When I first started to teach fifth grade in a Seattle suburban school district I would go around the room and asked...." what each child wanted to be when they grow up?" Since the school was close to the Boeing aircraft facility many of my boys wanted to be pilots or engineers or "build planes" like their dads. A few of the guys wanted to go into the military in some way and only one ever wanted to be a doctor. Most of the boys had some goal as to what they thought they wanted to be as they became adults.
Not so my girls. When I ask the girls in my class what they wanted to be, a few said they wanted to be airline stewardesses, a good number wanted to be nurses and an equally number of girls said they were going to be mothers (like their mothers). When I asked the to-be stewardesses why they didn't want to be pilots they looked at me in confusion. "Girls aren't pilots, Mr. Blackwell." I got the same response from the nurses to-be when I confronted them as to why not a doctor? I found this lack of goals in the girls disturbing and troubling.
I then went down to the school library to seek a book that had a girl as the lead character and I found only one book in the entire library in which the girl is the hero. It is "A Wrinkle in Time" by Madeline L'Eagle, published in 1962. From that moment I started to look for books with girls in a leading role. "A Wrinkle" went on to win a number of publishing awards.
My next book that I read to my fifth grade class was about Elizabeth Blackwell, First Woman Doctor. It was the perfect book for my needs (and my girls needs) as Elizabeth had to fight and struggle to become a doctor. She was stubborn to a fault so I am sure she was part of my early family (subsequent research appears to show this to be correct). I finally was beginning to see some results in the girls thinking of what they might become in later life. This was in the early 1960s.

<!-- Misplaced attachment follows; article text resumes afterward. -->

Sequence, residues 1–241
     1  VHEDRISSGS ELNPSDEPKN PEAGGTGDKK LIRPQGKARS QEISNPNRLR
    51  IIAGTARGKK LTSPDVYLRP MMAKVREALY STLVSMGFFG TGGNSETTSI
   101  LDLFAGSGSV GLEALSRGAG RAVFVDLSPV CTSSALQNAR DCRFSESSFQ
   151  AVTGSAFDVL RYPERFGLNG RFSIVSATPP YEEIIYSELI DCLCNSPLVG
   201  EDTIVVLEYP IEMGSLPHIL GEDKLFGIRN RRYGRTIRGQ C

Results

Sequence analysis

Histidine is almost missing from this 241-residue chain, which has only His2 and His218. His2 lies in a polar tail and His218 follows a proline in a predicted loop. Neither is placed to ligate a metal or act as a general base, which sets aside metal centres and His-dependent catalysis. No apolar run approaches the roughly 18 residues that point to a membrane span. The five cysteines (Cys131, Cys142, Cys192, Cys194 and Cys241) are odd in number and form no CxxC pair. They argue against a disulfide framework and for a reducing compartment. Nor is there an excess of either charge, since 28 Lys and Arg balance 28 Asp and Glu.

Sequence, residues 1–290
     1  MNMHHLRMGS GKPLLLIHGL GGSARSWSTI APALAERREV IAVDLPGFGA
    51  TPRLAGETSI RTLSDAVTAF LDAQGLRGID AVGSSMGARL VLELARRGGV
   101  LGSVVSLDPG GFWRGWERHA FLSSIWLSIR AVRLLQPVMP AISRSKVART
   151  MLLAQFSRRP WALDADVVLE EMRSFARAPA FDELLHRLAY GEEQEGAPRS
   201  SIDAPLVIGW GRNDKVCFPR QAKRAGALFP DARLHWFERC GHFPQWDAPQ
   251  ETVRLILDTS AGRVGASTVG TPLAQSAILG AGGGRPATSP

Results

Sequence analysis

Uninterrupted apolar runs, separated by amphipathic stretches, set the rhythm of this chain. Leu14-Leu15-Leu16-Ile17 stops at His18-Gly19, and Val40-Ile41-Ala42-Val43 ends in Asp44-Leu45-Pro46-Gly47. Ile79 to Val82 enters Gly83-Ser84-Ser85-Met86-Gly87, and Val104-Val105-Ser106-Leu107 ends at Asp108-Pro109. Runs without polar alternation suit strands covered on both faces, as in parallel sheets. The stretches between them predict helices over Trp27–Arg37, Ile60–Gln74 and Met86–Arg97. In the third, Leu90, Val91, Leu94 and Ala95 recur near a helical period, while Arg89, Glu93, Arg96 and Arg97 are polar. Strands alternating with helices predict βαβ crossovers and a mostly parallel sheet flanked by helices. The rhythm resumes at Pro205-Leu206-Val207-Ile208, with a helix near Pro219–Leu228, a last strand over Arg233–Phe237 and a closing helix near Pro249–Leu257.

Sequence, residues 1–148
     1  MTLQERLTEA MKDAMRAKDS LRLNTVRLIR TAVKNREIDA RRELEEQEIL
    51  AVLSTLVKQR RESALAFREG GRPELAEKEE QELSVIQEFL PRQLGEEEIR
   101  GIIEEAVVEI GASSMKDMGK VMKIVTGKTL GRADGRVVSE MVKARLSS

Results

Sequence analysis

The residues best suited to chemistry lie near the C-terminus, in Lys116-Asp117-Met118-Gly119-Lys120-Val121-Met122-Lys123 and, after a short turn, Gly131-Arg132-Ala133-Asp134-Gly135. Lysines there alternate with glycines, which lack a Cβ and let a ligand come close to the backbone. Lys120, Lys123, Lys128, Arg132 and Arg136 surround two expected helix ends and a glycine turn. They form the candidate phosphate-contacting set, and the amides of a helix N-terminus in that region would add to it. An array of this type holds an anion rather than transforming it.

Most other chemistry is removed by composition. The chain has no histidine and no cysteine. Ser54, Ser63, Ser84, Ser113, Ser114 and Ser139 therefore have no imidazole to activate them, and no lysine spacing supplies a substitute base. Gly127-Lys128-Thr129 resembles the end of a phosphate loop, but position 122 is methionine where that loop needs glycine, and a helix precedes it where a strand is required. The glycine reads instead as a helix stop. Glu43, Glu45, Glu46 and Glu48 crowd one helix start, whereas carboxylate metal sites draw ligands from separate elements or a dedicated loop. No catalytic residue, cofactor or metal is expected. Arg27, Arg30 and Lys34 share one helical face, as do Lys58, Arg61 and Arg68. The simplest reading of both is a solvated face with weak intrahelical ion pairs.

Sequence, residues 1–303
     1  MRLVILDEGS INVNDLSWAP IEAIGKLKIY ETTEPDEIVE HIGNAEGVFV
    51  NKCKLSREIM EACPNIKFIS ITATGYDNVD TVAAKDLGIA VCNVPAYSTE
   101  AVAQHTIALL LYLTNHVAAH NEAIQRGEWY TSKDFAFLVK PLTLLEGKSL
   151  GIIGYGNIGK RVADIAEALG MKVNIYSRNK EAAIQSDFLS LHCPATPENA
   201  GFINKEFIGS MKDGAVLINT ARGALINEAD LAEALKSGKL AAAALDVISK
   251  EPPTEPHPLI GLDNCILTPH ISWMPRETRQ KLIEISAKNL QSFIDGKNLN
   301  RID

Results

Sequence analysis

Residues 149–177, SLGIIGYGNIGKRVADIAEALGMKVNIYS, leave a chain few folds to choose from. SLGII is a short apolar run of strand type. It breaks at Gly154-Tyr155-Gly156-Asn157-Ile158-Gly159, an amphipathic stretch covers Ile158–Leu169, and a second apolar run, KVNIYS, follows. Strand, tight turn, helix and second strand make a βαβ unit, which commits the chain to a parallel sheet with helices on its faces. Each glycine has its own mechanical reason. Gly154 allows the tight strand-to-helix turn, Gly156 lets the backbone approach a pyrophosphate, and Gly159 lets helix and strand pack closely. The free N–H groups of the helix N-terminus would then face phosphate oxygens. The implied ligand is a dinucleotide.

This was my first epiphany--that girls had different goals then boys. I could understand that they might not want to play football but that women (they were becoming women) could still use their brains. I loved all my kids in those fifth grades and I wanted ALL to be their very best in whatever they wanted to do. I didn't want their lives controlled by societal norms whatever that might be.
I still find it upsetting that the Hardy Boys stories were allowed in our elementary library but not the Nancy Drew stories. Apparently it had been deemed that the Nancy Drew stories were not good enough literature. We soon changed that policy. In searching for that early science fiction book that I read to my class I queried Amazon and Google and find that today there are many more books for girls then when I first started to teach. Thank heavens (for little girls--sorry, but that is a song in a movie--had to put it in. "Gigi," I think).
Why this missive about books for girls? What I found as I learned how to teach was that girls and boys learn differently. Girls like to work together with other girls (and like to talk--oh my do they like to talk which is part of the process). Boys like to work mostly on their own. Many boys want to compete.
But for the past year I have been looking for an old book of min on how women learn. I've written about it in these blogs from time to time. But I could not identify it or the author. It became an obsession. Either where was my book or where could I buy another one? I tried Google Scholar--no luck. I tried out of print books and again no luck. It was important to me when I was teaching so why couldn't I find it?
I did find Carol Gilligan's book on women, "In A Different Voice." No, that was not it although it was an instrumental book in my development.
It turns out that my memory is faulty--which is what I already knew. However, I was sure I had the title correct. Wrong. Just recently I stumbled upon the book that i was looking for. Women's Ways of Knowing: The Development of Self, Voice, and Mind. Published in 1986 AND in 1997. Finally I found it! Yeessss! It was written by Mary Belenky, Blythe Clinchy, Nancy Goldberger and Jill Tarule. No, I have never met these women--I wish I had.
My mistake was that I was looking for a book on how women learn. The one I wanted was on how women know. This is a big difference. Learning is one thing but knowing is a damn site more important. Boys want to "own" what they learn and girls want to "establish a communication with what they are trying to understand."
I can't remember where it was that I found what I was looking for. I think I was perusing through an index of a book when I spotted it. But the even better part of this finding is that I was able to buy the latest edition (with added information) for my Kindle. I now have John Dewey's Democracy and Education next to Women's Ways of Knowing. Important books for teachers. It gives us a philosophical bases for our methods of teaching.
Thank you to the four authors for teaching me much. I hope you've thanked a teacher in the past week. They need it.